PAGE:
As the sport grew, the competitors' level of training gradually increased (most of the competitors in the earliest shows had very little weight training experience), and the sport slowly evolved towards more muscular physiques. This trend started to emerge in 1983. With McLish not competing in the big shows, Carla Dunlap took both the Pro World and Ms. Olympia titles. Dunlap possessed a much more muscular physique than either McLish or Elomaa, and though she never repeated her successes of 1983, she would remain competitive for the rest of the decade.

In 1984, a new force emerged in women's bodybuilding. Cory Everson won the NPC Nationals, then defeated McLish to win the Ms. Olympia. At 5'9" and 150 pounds, Everson's physique set a new standard. She would go on to win six consecutive Ms. Olympia titles before retiring undefeated as a professional, the only woman ever to accomplish this.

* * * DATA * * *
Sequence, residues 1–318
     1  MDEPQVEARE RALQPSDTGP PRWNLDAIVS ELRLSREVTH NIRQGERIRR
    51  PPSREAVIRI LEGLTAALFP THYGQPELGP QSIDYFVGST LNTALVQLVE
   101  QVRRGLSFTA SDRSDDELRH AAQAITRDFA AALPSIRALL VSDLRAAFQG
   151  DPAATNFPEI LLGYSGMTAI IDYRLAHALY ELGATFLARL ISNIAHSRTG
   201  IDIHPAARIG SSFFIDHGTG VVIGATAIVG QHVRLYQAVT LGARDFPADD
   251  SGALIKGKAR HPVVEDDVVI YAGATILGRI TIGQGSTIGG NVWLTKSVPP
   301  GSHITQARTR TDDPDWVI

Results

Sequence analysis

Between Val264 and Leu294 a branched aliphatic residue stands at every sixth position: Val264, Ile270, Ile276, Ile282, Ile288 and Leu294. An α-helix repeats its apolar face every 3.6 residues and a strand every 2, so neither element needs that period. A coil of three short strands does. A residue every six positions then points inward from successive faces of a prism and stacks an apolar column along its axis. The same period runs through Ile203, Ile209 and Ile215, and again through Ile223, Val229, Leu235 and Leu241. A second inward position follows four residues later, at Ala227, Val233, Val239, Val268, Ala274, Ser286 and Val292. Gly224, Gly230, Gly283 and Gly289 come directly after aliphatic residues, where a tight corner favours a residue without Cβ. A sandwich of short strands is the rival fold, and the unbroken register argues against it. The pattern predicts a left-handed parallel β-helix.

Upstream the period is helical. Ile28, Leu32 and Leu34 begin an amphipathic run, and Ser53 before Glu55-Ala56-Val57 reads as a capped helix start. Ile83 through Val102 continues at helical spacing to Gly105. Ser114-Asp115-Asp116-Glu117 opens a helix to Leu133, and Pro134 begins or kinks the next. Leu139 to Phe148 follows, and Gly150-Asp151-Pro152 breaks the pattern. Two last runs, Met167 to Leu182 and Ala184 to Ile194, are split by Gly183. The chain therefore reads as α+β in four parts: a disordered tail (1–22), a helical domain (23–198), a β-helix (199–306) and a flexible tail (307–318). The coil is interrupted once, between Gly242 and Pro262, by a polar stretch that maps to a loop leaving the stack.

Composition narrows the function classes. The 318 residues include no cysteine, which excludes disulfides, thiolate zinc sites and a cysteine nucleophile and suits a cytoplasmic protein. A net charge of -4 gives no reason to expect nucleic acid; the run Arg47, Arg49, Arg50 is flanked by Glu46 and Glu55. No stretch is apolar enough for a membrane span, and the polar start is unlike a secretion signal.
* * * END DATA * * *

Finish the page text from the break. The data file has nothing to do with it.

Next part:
The Ms. International contest was introduced in 1986, first won by Erika Geisen. The contest was not held in 1987, but it returned for good in 1988. Since the demise of the Pro World Championship after 1989, the Ms. International has been second in prestige only to the Ms. Olympia. The 1989 Ms. International was noteworthy for the fact that the original winner, Tonya Knight, was later disqualified for using a surrogate for her drug test at the 1988 Ms. Olympia contest. Consequently, runner-up Jackie Paisley received the 1989 title. Knight was suspended from IFBB competition through the end of 1990, and was forced to return her prize money from the 1988 Ms. Olympia and 1989 Ms. International, a total of $12,000 (Merritt, 2006).

The American Federation of Women Bodybuilders was also founded during this time period, representing a growing awareness of women bodybuilders in America. Winning competitors such as Laurie Stark helped to popularize the federation.